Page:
PhD Thesis Defense: Aramazd Muzhikyan

Monday, September 17, 2018, 10:00am

Rm. 201, MacLean ESC (Rett's Room)

“Power Syst Enterprise Control Framework for the Numerical & Analytical Determination of Oper Reserve Requirements in the Presence of Variable Energy & Energy Storage Resources"

Abstract

Renewable energy sources possess a variable and uncertain nature that significantly complicates power grid balancing operations. Existing studies agree that the integration of renewable energy requires additional generation reserves; although they often disagree on their exact quantity. Many integration studies determine the quantities of reserves a posteriori, based upon the historical experience of power system operation. The standard deviation of potential imbalances is determined from the net load variability or its forecast error. Then, the reserve requirements are defined to cover the appropriate confidence interval in compliance with the balancing standards. This assessment approach is based upon several simplifying assumptions in the modeling of power system imbalances, such as the shape of their probability distribution and the standard deviation, that do not necessarily reflect the power system operations knowledge.

To address the methodological limitations of the existing integration studies, a holistic framework for the determination of power system operating reserve requirements in the presence of variable energy resources (VER) is developed. The power system is modeled as an enterprise control consisting of three control layers on top of the physical power grid. The top resource scheduling layer is implemented as a security-constrained unit commitment (SCUC). The middle balancing actions layer consists of security-constrained economic dispatch (SCED) and manual operator actions. The regulation layer is implemented as an automatic generation control (AGC). Such integration of control layers allows for a holistic assessment of VER integration impacts on power system imbalances and resource requirements. The enterprise control model was successfully applied to the ISO New England system to study various scenarios of power grid development for years 2025/2030, including VER integration, retirement of traditional generation units as well as assessment of operating reserves to accommodate such changes.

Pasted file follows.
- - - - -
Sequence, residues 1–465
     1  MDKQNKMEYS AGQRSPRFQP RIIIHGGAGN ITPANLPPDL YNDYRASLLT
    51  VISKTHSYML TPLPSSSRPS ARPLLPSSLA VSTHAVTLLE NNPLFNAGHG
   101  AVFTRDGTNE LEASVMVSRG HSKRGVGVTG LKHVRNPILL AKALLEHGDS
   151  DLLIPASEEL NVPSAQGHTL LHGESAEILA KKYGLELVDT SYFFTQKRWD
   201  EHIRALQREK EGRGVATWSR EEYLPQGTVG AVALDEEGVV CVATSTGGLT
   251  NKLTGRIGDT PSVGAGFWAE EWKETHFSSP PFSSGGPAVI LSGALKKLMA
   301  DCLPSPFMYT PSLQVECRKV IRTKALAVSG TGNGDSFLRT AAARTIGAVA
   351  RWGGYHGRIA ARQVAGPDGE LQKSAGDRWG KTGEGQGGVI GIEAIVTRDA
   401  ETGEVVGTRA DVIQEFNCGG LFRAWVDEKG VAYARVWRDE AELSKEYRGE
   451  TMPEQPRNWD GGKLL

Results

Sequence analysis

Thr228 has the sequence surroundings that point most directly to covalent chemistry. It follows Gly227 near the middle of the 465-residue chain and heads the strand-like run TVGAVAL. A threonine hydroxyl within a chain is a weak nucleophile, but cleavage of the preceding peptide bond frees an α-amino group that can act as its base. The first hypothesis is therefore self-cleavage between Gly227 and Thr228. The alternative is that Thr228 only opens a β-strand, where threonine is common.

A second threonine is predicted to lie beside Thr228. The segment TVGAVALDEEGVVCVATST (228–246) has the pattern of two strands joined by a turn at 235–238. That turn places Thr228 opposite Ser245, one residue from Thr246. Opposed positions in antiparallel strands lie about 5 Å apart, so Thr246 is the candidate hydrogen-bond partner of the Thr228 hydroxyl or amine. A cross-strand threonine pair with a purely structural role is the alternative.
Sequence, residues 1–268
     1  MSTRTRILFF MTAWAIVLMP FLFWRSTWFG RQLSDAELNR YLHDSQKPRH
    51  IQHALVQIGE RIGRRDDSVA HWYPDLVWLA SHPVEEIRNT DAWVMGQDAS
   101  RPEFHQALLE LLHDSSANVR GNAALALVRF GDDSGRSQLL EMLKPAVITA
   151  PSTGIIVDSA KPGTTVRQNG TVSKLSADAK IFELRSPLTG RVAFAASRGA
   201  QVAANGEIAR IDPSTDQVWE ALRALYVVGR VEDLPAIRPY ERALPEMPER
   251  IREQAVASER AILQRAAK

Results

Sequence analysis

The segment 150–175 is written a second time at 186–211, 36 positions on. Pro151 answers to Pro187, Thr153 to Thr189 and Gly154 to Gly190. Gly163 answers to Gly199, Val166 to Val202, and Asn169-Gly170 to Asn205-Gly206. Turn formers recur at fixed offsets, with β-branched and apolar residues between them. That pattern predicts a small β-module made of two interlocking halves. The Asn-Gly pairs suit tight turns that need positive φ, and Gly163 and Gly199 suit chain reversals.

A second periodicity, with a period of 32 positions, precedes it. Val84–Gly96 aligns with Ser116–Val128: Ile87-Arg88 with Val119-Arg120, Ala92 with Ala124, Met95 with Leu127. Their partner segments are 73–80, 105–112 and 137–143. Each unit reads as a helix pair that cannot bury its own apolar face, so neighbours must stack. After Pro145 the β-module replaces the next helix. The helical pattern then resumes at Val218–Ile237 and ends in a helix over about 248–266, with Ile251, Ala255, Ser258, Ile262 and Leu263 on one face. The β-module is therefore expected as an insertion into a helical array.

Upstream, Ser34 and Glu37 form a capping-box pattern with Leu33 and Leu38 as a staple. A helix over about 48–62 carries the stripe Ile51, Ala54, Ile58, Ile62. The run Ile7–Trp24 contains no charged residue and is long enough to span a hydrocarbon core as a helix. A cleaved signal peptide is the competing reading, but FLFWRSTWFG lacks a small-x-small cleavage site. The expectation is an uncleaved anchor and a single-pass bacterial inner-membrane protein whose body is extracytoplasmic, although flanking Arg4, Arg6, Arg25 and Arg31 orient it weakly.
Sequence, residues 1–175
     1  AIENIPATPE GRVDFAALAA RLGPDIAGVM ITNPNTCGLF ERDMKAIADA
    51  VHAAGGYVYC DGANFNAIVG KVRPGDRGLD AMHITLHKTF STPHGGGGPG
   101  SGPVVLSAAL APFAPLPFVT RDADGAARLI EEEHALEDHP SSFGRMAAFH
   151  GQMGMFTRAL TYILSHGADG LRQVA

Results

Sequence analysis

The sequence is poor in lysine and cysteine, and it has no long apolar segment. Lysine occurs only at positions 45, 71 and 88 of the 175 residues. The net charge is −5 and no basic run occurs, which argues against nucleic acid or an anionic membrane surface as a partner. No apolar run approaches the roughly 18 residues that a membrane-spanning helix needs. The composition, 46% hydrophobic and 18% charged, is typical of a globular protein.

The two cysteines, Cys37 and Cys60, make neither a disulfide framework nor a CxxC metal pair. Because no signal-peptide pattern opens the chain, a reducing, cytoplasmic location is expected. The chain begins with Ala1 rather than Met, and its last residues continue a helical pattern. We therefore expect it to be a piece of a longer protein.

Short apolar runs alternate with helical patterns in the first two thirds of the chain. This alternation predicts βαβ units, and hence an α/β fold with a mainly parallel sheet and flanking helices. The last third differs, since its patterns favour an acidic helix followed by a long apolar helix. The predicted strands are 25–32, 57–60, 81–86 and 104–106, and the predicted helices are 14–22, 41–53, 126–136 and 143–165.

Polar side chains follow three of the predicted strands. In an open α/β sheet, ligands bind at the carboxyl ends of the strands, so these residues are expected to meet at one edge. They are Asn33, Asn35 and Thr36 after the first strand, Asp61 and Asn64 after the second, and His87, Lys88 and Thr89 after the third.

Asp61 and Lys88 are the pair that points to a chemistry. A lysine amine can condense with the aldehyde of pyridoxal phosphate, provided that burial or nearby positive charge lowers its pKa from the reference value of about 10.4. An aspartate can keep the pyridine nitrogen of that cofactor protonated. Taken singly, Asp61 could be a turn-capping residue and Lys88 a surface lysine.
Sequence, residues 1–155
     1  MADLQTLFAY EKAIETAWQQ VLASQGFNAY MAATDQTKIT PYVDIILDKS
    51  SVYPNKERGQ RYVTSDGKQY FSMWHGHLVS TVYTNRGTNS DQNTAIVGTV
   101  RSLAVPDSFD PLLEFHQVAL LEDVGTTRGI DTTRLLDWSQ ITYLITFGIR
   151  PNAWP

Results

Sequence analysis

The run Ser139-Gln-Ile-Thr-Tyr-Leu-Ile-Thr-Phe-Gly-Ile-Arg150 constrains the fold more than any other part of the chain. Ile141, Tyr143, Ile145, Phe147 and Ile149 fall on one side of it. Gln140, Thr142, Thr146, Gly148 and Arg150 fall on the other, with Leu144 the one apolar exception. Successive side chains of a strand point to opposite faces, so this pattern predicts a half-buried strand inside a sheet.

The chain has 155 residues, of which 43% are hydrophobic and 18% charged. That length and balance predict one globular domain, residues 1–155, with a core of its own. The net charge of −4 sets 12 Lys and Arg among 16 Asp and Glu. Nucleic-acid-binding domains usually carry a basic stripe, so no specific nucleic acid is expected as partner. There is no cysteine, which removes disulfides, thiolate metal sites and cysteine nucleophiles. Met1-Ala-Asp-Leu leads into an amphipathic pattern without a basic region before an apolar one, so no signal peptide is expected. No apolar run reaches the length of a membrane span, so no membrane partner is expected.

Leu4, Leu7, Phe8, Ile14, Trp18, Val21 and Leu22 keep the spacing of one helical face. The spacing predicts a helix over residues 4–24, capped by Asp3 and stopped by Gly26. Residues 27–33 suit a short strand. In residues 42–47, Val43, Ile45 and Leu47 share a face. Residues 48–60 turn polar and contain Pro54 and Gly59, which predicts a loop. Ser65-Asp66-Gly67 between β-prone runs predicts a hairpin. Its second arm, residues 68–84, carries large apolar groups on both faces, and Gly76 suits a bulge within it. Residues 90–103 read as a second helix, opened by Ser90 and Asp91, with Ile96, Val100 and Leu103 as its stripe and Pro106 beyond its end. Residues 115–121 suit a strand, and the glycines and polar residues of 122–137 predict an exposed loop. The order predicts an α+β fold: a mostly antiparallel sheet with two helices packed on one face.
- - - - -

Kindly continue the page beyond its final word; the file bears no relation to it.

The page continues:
In addition to the numerical enterprise control model, an analytical framework has been developed for a priori calculations of three types of operating reserve requirements, namely load following, ramping and regulation. The reserve requirements are represented as closed form analytical functions of power system and net load parameters, such as penetration level, capacity factor, variability, forecast errors, day-ahead scheduling and real-time balancing time steps.

Thesis Committee

For more information, contact Daryl Laware at daryl.a.laware@dartmouth.edu.